There are curious surface textures on some of the limestone rocks at Caswell Bay on the Gower Peninsula. They are made up of three dimensional patterns consisting of sharp raised intersecting lines defining all sorts of shapes including triangles and rectangles – sometimes almost like petrified cobwebs.
So what are these structures in the rocks? The “lines” or veins are obviously a harder material than the limestone matrix. They seem to be mostly crystalline calcite with the reddish-coloured addition of iron. How do the veins of calcite get into the rock? Well, when the rock strata were deep underground, millennia ago, they were subjected to great pressures caused by movements in the earth’s crust. The pressures made the limestone crack. There would have been more than one cracking event. The resulting cracks would have been in many different planes and angles – parallel to the bedding plane, at right angles to it, and every other direction.
Then, the gaps created by the cracks would have allowed percolating groundwater to circulate. This would often be a solution of dissolved minerals, minerals that crystallised out along the surfaces provided by the walls of the cracks – crystals like calcite. The repeated pressure cracking and sealing with crystals over time produced a three-dimensional network of hard veins hidden deep in the rock.
Much, much later, the rock layers were again subjected to massive earth movements and changes in sea level that raised the rocks to the surface where they were subjected to weathering and erosion. Where strata with enclosed calcite networks of veins were exposed to the elements, like here at Caswell Bay, the softer limestone matrix is preferentially eroded by both abrasion and solution, leaving the harder calcite veins standing proud of the overall surface.
Extreme examples of these weathered out vein networks are called “box-work” – because of the fairly regular “compartments” defined by walls of protruding calcite or other crystalline mineral revealed by the erosion process. Spectacular examples are sometimes found in caves, like the Wind Cave in the National Park of South Dakota in the United States – and are a great tourist attraction. Although the patterns and textures in the rocks at Caswell are of an altogether more modest extent, they are a noteworthy feature of the geology of the Bay.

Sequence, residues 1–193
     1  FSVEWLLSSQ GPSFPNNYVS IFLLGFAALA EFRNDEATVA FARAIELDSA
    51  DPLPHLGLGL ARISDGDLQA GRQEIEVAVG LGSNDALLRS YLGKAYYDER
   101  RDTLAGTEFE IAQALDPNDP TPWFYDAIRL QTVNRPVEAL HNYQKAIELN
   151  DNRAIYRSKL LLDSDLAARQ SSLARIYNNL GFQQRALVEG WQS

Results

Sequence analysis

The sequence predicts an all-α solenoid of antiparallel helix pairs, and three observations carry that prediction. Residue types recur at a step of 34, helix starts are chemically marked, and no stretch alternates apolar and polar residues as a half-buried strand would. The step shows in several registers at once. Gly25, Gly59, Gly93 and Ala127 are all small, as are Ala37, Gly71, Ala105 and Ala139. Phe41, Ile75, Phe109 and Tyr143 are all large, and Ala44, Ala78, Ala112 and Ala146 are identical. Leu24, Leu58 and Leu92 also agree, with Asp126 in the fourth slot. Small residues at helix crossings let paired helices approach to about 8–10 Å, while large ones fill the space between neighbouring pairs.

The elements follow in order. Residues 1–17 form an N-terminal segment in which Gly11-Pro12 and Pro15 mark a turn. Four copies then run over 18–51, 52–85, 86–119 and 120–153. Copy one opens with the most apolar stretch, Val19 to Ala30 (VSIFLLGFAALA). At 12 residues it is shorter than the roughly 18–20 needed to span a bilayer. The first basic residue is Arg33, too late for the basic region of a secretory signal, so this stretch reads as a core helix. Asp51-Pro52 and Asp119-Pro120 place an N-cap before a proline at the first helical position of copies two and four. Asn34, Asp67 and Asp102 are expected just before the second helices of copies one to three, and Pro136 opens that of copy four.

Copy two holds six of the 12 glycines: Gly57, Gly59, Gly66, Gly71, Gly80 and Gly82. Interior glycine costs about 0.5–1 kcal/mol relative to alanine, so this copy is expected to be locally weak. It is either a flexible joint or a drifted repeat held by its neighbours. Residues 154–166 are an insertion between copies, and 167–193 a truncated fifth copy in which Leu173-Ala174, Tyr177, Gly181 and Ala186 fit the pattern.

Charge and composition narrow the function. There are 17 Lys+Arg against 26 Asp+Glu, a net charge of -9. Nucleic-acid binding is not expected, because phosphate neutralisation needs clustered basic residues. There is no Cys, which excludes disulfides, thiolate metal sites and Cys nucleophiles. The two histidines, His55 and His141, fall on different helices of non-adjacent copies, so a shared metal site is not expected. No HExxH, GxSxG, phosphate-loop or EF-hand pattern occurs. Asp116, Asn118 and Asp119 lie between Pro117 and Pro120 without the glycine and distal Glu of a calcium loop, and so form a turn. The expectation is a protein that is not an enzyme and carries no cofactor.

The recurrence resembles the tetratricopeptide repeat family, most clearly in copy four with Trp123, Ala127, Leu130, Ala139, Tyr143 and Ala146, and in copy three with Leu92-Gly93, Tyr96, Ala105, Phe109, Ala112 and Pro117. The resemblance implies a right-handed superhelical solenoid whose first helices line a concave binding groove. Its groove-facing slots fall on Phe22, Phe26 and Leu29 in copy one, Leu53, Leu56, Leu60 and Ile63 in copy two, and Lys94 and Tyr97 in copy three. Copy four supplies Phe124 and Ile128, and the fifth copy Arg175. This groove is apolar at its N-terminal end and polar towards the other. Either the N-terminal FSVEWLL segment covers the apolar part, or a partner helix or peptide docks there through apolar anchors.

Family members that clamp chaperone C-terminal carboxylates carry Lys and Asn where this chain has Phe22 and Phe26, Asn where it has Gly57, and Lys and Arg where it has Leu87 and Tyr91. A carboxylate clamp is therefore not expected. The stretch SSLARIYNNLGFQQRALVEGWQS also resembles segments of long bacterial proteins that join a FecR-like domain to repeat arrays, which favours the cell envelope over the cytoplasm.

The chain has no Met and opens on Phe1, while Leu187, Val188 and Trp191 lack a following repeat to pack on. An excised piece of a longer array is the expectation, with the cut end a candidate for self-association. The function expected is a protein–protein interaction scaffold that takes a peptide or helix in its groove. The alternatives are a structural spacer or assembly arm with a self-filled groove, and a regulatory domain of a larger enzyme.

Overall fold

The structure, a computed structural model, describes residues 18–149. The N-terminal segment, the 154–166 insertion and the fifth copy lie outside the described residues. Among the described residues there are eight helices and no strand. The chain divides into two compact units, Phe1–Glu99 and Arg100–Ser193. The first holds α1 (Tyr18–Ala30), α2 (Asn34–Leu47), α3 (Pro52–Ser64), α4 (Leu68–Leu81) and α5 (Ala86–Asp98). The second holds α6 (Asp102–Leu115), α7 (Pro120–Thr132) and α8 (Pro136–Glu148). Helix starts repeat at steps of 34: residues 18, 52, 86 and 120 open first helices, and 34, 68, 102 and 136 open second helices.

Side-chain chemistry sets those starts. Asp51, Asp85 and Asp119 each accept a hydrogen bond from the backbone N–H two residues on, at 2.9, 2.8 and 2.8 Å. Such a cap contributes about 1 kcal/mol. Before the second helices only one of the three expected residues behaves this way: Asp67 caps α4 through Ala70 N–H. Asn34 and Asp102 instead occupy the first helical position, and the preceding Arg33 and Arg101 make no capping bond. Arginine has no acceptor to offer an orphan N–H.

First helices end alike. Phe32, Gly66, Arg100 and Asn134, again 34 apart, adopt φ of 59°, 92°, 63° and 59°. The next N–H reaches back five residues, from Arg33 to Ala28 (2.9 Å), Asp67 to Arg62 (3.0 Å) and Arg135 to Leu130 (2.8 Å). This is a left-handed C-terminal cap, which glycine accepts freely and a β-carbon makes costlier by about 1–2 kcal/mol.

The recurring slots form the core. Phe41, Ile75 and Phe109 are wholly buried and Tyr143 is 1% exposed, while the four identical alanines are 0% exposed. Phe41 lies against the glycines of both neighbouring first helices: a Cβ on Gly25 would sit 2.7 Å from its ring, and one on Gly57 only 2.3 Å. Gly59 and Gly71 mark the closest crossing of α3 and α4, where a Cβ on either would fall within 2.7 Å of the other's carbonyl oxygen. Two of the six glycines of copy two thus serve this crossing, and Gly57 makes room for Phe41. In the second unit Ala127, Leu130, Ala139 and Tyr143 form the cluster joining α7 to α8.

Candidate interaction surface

(NB If I have misunderstood or misrepresented the geological process giving rise to these rock patterns and textures, please do get in touch and let me know. I do wonder if my suggestion for the origin of the patterns has a different explanation because I have read in The Geological Society Field Guide to Caswell Bay that the Laminosa Dolomite on the east side of Caswell Bay (my photographs were taken on the short low promontory on the west side of the bay known as Redley Cliff) has a “honeycomb” texture due to incomplete conversion of calcite to dolomite – and I am considering whether it is a reference to the same kind of phenomenon as the one that I photographed.
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